Instrumentation amplifier

Discussion in 'General Electronics Chat' started by mik3, Aug 1, 2009.

  1. mik3

    Thread Starter Senior Member

    Feb 4, 2008
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    Hi guys,

    Is it possible for the INA 129 instrumentation amplifier to work on 0-12V power supply?
     
  2. yourownfree

    Active Member

    Jul 16, 2008
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    I would say yes. looks like 4.5 volts minimum and 36 volts max.
    link for specs
     
  3. t06afre

    AAC Fanatic!

    May 11, 2009
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    You may check it out. But I do not know if the over-voltage protection will work. If it is any help I know Linear Tech. have Single Supply Instrumentation Amplifiers. Go to http://www.linear.com/ and search for "Supply Instrumentation Amplifier"
     
  4. AdrianN

    Active Member

    Apr 27, 2009
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    It will work, as long as the relative voltage differences between different pins is the same as in Fig 1 of the datasheet. However, there is a good reason why this is a a dual supply IC. Vref (pin 5) has to be connected to a low impedance point, otherwise the CMRR will be severely impacted. A ground connection assures close to zero ohm impedance.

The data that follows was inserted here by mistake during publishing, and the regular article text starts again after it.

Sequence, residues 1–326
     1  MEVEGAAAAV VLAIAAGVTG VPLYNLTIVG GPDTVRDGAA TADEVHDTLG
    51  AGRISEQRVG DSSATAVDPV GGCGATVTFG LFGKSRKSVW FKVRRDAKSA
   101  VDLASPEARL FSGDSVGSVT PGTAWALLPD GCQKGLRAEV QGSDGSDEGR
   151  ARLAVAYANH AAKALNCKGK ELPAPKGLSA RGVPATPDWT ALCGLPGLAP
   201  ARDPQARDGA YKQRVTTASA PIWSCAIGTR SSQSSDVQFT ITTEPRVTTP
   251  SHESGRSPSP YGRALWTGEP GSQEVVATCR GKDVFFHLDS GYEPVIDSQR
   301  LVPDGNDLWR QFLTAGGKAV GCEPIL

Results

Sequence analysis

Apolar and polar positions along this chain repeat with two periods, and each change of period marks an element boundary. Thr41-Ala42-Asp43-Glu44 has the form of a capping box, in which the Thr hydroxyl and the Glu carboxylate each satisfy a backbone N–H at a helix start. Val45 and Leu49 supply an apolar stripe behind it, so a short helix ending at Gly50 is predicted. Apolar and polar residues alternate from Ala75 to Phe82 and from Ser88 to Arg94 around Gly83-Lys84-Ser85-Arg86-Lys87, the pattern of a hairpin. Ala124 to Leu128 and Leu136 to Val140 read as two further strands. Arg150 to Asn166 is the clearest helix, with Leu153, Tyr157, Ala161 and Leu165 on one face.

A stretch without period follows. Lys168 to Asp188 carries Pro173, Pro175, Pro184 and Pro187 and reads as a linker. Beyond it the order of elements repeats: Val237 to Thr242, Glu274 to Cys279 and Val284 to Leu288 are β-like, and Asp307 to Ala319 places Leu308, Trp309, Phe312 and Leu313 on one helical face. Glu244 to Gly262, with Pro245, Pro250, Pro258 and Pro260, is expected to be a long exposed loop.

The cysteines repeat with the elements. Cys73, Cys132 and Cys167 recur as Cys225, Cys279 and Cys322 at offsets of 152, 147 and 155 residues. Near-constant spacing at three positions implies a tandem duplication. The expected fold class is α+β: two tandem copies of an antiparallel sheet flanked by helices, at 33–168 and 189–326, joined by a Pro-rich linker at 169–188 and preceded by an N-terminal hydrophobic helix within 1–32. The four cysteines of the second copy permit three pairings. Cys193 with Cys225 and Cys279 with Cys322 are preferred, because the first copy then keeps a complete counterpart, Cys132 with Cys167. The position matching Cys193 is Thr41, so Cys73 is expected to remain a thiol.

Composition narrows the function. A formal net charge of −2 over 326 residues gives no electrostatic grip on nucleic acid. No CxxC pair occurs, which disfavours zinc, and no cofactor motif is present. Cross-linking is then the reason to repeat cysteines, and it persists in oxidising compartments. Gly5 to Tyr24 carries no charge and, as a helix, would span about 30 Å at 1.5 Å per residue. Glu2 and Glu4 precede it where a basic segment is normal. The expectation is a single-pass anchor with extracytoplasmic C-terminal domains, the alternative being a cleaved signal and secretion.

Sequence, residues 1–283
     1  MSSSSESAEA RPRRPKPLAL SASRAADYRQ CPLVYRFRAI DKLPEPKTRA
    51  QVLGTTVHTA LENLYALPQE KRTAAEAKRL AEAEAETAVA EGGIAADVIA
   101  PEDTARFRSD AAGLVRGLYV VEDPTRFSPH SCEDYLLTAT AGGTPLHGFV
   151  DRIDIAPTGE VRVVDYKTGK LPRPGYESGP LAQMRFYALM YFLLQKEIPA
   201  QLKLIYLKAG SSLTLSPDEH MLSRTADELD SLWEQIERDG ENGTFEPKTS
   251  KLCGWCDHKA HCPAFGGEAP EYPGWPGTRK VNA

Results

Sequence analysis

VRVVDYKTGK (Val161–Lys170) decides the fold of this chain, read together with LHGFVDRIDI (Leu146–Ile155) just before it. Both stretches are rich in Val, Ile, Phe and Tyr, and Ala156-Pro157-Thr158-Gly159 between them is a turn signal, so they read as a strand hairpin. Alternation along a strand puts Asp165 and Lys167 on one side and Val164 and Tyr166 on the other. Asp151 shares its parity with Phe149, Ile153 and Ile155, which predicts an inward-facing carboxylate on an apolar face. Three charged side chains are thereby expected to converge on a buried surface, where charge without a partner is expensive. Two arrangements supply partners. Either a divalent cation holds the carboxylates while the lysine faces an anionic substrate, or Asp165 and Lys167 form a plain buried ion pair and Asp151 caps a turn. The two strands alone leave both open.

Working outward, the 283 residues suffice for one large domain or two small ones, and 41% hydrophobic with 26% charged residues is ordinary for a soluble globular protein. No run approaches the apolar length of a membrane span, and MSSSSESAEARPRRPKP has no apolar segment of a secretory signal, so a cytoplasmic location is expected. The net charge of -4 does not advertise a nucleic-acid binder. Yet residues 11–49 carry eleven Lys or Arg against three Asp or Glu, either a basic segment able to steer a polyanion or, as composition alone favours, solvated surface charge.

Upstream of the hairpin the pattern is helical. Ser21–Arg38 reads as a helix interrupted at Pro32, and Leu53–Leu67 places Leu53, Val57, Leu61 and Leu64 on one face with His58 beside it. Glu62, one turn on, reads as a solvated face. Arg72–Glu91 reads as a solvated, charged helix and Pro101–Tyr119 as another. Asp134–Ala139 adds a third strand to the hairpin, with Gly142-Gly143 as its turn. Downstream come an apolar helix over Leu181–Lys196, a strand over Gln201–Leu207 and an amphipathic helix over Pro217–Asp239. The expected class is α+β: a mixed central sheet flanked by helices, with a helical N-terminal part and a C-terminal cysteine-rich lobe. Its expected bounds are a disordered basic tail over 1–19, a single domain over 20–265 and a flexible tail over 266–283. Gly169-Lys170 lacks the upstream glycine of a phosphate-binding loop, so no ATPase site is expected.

So, you can set Vref somewhere inside the 0-12V range and make sure you feed that point from a low output impedance buffer. You will have some CMRR degradation, as the buffer cannot have zero output impedance, but should not be severe. The signals will be referred to Vref (output signal, load, input signal).
     
    Last edited: Aug 9, 2009
  5. mik3

    Thread Starter Senior Member

    Feb 4, 2008
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    It will amplify only positive signals so I can connect Vref to ground.

    Is that right?
     
  6. t06afre

    AAC Fanatic!

    May 11, 2009
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    Yes I think so. But remember the common mode range specification. You may perhaps see some minor degradation compered to the data sheet specs. But this may not be important at all for your application
     
  7. AdrianN

    Active Member

    Apr 27, 2009
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    For a positive signal chain try the following: Connect your signal to pins 3 and 2, with the ground on pin 2. Pin 4 and 5 to ground. You should see your signal at the output. However, A1 output cannot go exactly to zero, because it does not have a negative supply. Your positive signal at pin 6 will be chopped off by 0.6V to 0.9V, because it will be pushed by A1 below ground. Some positive DC voltage on top of your signal should correct this.
     
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